The Life of Art

The Life of Art

Thomas Rapai

The current societal viewing of the average artist: lazy, arrogant, starving, always an alcoholic, self-righteous, and living in their own world.

My whole life, I’ve grown up surrounded by artists that have – at times – fit these stereotypes. The kind of artists that dealt with narcissism and addiction, and would admit it. The kind of artists that have starved at times because they needed metal wiring instead of milk and turpentine instead of tacos. The kind of artists that hide their supplies and unfinished work in the basement, because they need to focus on their “real job”.

The artists that I’ve lived with and ate with have incorporated art into my everyday doings since I was young. As a child, I always had to make birthday cards, make watercolor paintings for Christmas gifts, and make Christmas tree ornaments. Around the age of seven, I didn’t see the point of it all. I wanted to buy card and get it over with, or just get a random teacup for my grandmother’s birthday. Making a card took too long and I was limited with creativity. Despite the irritating time consumption, I completed a card for every family birthday without missing a year.

To this day, I still make cards for my family members. All those years of enforced artistry helped me develop a bit of patience and creative control for years to come, characteristics that artists need to be able to work in the business of art.

My father Keith Soucy has been my role model throughout my life. He grew up with four other siblings and close to no money in the state of New Hampshire. Throughout the course of his life, he has traveled across the country with his band “The Hysteric Narcotics,” graduated with an art degree, got married, raised three kids, and has still had time to create artwork. My father has always told me that no matter how many times people shoot you down for things you believe in, keep pushing. You’ll get to where you want to be, whether it’s in five months or fifty years. Though he doesn’t paint every day, I’ve taken his colorful landscape paintings and displayed them throughout my room.

My “Glampa” Thomas Rapai has also been an incredibly influence in my life. Also growing up with almost no money and a few siblings in Detroit, he has dealt with bullying, physical disabilities, and discouragement from friends and family. Rapai has thrived as an artist and wine seller for several years; though not directly related to my family, he’s always been apart of my life, whether at the dinner table on a Saturday or at my elementary science fair night. Rapai has also told me to be determined, and to be an artist if I want to be, but also to know if I’m one hundred percent sure before I go and waste my parents several thousand dollars at The School of the Art Institute of Chicago.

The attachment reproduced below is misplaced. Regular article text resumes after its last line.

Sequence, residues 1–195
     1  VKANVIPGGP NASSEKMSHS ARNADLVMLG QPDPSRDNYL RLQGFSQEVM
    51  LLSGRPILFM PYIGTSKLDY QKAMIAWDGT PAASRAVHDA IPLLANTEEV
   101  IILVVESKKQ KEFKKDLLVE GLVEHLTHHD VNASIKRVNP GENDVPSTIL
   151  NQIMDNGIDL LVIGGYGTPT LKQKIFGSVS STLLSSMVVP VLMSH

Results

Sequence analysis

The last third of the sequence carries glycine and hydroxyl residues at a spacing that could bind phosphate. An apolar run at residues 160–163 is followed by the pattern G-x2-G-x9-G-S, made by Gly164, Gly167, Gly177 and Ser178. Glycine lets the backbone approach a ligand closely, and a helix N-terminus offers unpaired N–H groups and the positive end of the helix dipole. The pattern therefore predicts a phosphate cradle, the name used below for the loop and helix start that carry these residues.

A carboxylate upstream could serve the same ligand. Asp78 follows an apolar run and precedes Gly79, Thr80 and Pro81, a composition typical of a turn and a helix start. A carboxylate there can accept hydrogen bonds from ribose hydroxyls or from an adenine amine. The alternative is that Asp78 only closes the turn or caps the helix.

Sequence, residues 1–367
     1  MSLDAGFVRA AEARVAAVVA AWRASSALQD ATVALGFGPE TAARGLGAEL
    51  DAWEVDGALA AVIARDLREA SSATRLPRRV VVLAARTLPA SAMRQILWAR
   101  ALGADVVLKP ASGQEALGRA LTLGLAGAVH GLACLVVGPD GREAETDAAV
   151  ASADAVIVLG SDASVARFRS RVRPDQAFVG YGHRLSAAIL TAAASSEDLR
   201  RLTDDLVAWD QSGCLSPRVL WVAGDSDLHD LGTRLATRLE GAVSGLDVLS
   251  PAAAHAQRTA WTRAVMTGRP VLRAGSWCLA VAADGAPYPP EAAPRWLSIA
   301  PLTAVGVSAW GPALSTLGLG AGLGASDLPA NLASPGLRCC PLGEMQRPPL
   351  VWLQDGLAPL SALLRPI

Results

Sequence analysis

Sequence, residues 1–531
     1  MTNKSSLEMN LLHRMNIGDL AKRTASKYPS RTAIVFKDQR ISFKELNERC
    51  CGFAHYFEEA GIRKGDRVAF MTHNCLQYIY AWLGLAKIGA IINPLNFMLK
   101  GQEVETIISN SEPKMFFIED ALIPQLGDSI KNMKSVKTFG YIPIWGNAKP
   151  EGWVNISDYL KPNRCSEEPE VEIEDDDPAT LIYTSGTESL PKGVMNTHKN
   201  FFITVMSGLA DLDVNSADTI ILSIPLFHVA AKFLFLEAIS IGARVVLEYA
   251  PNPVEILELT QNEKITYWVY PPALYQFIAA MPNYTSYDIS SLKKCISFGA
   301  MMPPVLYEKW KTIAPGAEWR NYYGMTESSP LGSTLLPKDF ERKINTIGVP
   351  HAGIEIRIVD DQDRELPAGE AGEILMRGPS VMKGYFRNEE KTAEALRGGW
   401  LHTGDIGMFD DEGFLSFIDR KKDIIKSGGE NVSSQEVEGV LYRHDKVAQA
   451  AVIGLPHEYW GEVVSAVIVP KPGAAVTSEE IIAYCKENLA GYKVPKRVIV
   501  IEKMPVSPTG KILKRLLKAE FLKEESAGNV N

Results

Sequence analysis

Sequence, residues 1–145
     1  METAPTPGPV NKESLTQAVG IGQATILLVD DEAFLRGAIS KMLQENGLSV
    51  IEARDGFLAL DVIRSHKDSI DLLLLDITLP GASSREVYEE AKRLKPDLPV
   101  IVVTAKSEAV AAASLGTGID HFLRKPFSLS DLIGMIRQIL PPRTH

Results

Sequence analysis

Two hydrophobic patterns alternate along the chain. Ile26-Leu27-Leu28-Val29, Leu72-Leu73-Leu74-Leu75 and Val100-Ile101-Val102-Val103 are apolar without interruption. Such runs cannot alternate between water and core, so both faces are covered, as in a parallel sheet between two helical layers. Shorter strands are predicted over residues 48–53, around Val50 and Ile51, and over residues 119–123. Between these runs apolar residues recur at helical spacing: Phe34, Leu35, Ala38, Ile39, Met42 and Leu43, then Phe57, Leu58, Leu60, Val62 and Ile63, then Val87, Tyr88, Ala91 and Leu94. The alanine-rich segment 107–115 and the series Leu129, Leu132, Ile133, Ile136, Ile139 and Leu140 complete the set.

That brings us to my older brother, Ivan Soucy. Five years older and has already showcased in two art shows, been to art school, got kicked out, came back home, and is in school again. My brother has demonstrated the part of the artist that some try to avoid showing: Starving, depressed, struggling, and in his case, just trying to make it as a 19 year old in downtown Chicago. As an audio artist he has been ridiculed, beaten down, made fun of, discouraged, and told off by his friends, family, and professors. Many individuals would cease the practice if they’d gone through what my brother has. Nevertheless, he has persisted. He has learned from his mistakes, and shown me what not to do as a college student along the way.

The artists in my life have either told stories of their hardships or have been through it right in front of my eyes. Rapai, my father, and my brother’s challenges and mistakes have shown me that being an artist doesn’t particularly look like one thing or another. They have taught me that no matter how much crap you go through and no matter how many inconvenient things life throws at you, persist until you get what you need.

My depiction of an artist: strong, dedicated, hardheaded, creative, innovative, able to multitask, sometimes an alcoholic, and one who is not afraid of what the world has to say about their visual/auditory expression of thought.